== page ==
5 Signs Of A Bad Impeller In Outboard Boat Motors (Revealed!)
Despite being a tiny object, an impeller is one of the essential parts of a motorboat engine, and it plays a big part in pumping raw water from outside a motorboat to cool the engine. But it seems as though many motorboat owners do not pay much attention to this part or understand its value. Impellers need constant maintenance to continue to be helpful, but first time, boat owners need to know the signs of a bad impeller if they want to stave off an impending disaster.
The five signs of a faulty impeller in outboard motorboats are:
- The boat overheats easily
- Cracked or melted parts of the impeller
- Banging noises from the impeller (means it is misaligned)
- Vanes in the impeller lose flexibility
- No water comes into the pump system
A Boat Engines Impeller Can Disintegrate In A Short Period
The most common mistake for motorboat owners is not to inspect the water pump and impellers from time to time. Impellers must not be left dry. An impeller is a part of a motor boat’s water pumping system that draws the water into the watercraft’s engine in order to keep it cool.
Impellers often dry out when the pump housing is opened and inspected. As such, boat owners should apply grease on the impellers every time they check the pump housing. Applying grease will allow the impeller to draw in water without rubbing against the sides of the pump.
Lubricate The Impellers
Since oil-based grease lasts longer than just about anything else once exposed to water, many sailors use it for their impellers. If you are short on a supply of oil-based products, you can use dishwashing soap as a lubricant in a pinch.
When installing an impeller on a pump system, see that you use an oil-based lubricant. It ensures that the impeller will still turn freely in the shaft after a long time. It will also enable you to remove the impeller easily over time.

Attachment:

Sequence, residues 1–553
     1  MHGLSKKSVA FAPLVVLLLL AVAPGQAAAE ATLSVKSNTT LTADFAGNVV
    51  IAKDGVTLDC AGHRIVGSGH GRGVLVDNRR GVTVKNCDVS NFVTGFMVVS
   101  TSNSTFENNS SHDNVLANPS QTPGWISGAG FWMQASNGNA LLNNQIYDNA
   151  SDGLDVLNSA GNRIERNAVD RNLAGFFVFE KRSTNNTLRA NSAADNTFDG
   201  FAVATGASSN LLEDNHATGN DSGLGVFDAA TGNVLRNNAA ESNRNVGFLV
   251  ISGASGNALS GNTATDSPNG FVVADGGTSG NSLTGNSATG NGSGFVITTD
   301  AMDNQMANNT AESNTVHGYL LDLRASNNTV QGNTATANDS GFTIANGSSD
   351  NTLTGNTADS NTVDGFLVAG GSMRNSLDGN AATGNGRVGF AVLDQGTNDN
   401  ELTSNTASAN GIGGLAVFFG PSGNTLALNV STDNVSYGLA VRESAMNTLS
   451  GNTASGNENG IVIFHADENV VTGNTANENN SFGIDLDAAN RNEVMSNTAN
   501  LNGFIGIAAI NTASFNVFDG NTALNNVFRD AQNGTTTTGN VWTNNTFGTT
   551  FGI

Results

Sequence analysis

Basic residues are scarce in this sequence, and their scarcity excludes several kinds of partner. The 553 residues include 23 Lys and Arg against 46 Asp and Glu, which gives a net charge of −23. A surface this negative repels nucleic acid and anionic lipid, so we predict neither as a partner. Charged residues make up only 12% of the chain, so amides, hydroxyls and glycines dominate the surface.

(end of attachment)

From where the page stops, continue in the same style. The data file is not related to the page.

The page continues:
Five Common Signs Of A Bad Impeller In Outboard Engines
1. The Boat’s Motor Easily Overheats
The first sign of a faulty impeller is when your boat overheats even in short periods of use. Every engine needs a cooling system that guards it against overheating. If a boat’s cooling system has issues with its water pump, it can lead to defects in the entire boat system.
2. Cracks And Melted Parts (Impeller or Waterpump)
Another sign to be on the lookout for is if your impeller has cracks and melted parts. If there are any physical defects on your impeller that could keep it from spinning freely, it’s a good sign that it needs replacement.
3. Banging Noises From The Impeller
A misaligned impeller would also mean that your impeller does not fit the pump system well. If your impeller causes banging sounds, it may mean that it is not the correct size. Impellers have a design that efficiently lets them pull in water as it rotates. When the vanes of an impeller wear out, it starts to bend and can get distorted in shape.
It is best to use impellers with smaller vanes to lower the chances of acquiring damage. Impellers with vanes close to each other have a higher flow and consistency rate. (source)
4. Vanes In The Impeller Lose Flexibility
Over time, some impeller vanes start to lean towards a specific side. This change in shape can make an impeller lose its flexibility. The rate at which your boat can pump in water will fluctuate if you have a defective impeller. The greater the defect, the more fluctuation you’ll have. (source)
5. No Water Comes Into The Pump System